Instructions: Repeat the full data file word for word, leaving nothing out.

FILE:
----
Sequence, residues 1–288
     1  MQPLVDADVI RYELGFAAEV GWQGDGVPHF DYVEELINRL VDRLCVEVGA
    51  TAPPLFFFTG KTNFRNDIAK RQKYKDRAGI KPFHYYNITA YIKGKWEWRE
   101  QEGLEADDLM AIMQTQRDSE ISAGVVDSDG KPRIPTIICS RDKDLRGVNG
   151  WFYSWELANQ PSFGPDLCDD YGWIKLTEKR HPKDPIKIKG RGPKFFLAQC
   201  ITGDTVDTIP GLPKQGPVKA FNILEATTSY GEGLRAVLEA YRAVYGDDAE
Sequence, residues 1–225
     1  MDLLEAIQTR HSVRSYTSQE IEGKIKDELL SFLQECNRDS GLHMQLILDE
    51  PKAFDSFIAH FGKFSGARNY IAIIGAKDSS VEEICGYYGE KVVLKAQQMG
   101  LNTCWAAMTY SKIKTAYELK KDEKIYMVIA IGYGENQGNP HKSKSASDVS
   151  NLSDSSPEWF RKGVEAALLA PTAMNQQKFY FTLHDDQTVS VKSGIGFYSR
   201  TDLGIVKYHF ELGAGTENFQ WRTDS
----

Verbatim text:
Sequence, residues 1–288
     1  MQPLVDADVI RYELGFAAEV GWQGDGVPHF DYVEELINRL VDRLCVEVGA
    51  TAPPLFFFTG KTNFRNDIAK RQKYKDRAGI KPFHYYNITA YIKGKWEWRE
   101  QEGLEADDLM AIMQTQRDSE ISAGVVDSDG KPRIPTIICS RDKDLRGVNG
   151  WFYSWELANQ PSFGPDLCDD YGWIKLTEKR HPKDPIKIKG RGPKFFLAQC
   201  ITGDTVDTIP GLPKQGPVKA FNILEATTSY GEGLRAVLEA YRAVYGDDAE
Sequence, residues 1–225
     1  MDLLEAIQTR HSVRSYTSQE IEGKIKDELL SFLQECNRDS GLHMQLILDE
    51  PKAFDSFIAH FGKFSGARNY IAIIGAKDSS VEEICGYYGE KVVLKAQQMG
   101  LNTCWAAMTY SKIKTAYELK KDEKIYMVIA IGYGENQGNP HKSKSASDVS
   151  NLSDSSPEWF RKGVEAALLA PTAMNQQKFY FTLHDDQTVS VKSGIGFYSR
   201  TDLGIVKYHF ELGAGTENFQ WRTDS